Pop Music Theory


Lessons in Order

1-7 (Intro & Pitch) +
1: Introduction
8-18 (Major Scale) +
19-29 (Chord Progressions) +
30-34 (Hook Chords) +
35-41 (Written Notes) +
42-50 (Song Chorus) +

Lessons by Topic

Strategy -
1: Introduction
Pitches +
Scales +
Written Notes +
Chords +
Chord Progressions +
Melody +
Songwriting Steps +
Science +
Games & Tools +
Song Examples: Crazy +
Song Examples: Rolling Stone +

Detailed Contents

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Lesson 1: Introduction

Pop Music Theory is a free, online, music theory and songwriting course.

Pop Music Theory starts at the beginning (no prior music knowledge required). Our goal is for you to learn to analyze how real songs are composed, and apply the ideas you learn to creating your own music.

Pop vs. Classical


Different "music theory languages" are used for different types of music:
  • Traditional "classical" or "common practice period" music theory is used for music in the styles of, for example, Bach or Beethoven.
  • "Pop" music theory works better for understanding modern "popular" music styles (including rock, blues, R&B, country, jazz, etc.).

The basics (pitch names, major scales, written notes) of classical and pop theory are the same, but they quickly diverge as we get more advanced. This Pop Music Theory course uses pop theory language, and we focus on understanding modern popular music.


Playing vs. Composing


Music theory can be divided into:
  • "Playing" theory: Things you need to know just to play pop music, e.g. playing chords or reading rhythms.
  • "Composing" theory: Understanding how songs are actually written, e.g. choosing chords and composing melodies.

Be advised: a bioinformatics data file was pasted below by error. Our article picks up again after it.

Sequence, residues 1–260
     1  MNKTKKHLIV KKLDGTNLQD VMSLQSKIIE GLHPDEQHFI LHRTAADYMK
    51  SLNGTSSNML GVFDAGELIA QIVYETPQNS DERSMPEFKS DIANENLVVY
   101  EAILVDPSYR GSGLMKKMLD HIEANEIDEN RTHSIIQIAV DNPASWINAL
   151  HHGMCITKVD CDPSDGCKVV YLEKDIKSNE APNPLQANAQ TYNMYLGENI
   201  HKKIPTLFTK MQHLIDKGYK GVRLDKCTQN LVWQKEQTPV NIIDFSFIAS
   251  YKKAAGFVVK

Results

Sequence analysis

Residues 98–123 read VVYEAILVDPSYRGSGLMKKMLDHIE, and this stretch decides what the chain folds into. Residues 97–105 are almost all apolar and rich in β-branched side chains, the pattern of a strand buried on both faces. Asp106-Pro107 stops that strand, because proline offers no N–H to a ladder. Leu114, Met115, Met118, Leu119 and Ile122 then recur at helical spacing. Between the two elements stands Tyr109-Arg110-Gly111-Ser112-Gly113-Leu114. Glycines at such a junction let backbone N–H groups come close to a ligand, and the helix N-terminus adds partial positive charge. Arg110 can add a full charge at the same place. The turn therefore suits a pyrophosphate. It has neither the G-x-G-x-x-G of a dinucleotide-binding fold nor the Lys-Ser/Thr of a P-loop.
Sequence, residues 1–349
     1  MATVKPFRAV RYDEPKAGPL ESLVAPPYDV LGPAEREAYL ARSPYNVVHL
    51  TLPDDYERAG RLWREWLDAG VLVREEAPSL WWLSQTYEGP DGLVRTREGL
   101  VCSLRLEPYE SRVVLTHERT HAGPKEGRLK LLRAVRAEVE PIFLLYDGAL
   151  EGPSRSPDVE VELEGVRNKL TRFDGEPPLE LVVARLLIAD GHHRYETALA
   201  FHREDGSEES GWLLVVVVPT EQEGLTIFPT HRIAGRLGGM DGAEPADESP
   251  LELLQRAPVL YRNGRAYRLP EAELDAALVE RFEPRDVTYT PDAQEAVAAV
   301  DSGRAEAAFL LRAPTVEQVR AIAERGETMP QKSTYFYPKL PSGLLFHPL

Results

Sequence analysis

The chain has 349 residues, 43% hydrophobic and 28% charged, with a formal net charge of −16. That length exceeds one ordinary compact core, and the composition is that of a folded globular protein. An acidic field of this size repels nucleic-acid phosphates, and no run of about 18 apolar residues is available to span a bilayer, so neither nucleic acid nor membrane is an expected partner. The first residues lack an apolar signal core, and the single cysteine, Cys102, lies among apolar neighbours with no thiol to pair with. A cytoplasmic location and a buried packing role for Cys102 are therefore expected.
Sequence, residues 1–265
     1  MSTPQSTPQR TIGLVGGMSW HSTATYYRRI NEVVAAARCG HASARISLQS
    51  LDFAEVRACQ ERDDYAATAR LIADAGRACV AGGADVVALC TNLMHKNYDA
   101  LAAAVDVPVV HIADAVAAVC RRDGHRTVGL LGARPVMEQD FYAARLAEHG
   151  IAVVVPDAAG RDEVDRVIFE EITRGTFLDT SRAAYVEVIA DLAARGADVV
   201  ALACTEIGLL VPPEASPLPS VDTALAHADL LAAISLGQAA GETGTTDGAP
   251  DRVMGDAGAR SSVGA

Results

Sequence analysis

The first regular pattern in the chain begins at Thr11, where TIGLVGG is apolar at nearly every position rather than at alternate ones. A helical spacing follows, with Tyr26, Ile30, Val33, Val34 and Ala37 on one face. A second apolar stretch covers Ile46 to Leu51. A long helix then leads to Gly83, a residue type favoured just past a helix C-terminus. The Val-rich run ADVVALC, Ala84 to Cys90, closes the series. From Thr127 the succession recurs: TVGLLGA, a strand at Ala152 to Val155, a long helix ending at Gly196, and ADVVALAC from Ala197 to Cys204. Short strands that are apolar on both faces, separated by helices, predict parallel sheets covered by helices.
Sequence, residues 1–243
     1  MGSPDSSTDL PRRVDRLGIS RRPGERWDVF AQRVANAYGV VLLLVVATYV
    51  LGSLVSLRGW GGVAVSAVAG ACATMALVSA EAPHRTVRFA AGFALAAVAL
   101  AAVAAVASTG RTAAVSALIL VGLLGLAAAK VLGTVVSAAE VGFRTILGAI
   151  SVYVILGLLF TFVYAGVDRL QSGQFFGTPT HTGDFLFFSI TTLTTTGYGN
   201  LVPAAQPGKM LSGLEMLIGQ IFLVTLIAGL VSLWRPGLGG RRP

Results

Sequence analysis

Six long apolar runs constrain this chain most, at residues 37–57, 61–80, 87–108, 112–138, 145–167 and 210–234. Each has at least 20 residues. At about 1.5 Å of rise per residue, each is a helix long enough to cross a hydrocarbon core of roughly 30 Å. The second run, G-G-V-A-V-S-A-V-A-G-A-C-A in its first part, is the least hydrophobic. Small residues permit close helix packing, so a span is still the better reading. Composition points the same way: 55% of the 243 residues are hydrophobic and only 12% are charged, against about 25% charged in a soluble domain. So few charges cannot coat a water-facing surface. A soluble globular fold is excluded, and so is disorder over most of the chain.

This course covers both playing theory and composing theory. We cover "playing theory" because it's the foundation of "composing theory"; but our main goal is the "composing theory", to understand how real songs are created, to help you create your own music.

A Plan for Beginners


This course starts at the beginning; you can start these lessons with no music knowledge at all. However, this is not a one-stop "complete music course". In addition to the "theory" and songwriting tips in these lessons, you also need to:

Learn to play lots of songs!

Once you've worked through Lesson 16: Minor Triad Games in this course, you'll know enough to start learning to play real songs. This course doesn't teach you to play songs; it would take too long, and most people do best with a real in-person piano/keyboard or guitar teacher.

After Lesson 16: Minor Triad Games, once you've learned to play a few songs, then you'll be ready to continue in these lessons (but keep learning to play more songs too!), to understand how the songs are created and help you create your own. Of course, you can take this whole course without playing any songs, but you'll understand it much better if you're playing songs also.

Next:




Lessons in Order

1-7 (Intro & Pitch) +
1: Introduction
8-18 (Major Scale) +
19-29 (Chord Progressions) +
30-34 (Hook Chords) +
35-41 (Written Notes) +
42-50 (Song Chorus) +

Lessons by Topic

Strategy -
1: Introduction
Pitches +
Scales +
Written Notes +
Chords +
Chord Progressions +
Melody +
Songwriting Steps +
Science +
Games & Tools +
Song Examples: Crazy +
Song Examples: Rolling Stone +

Detailed Contents

Get Future Lessons


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© 2019 Conrad Albrecht. All rights reserved.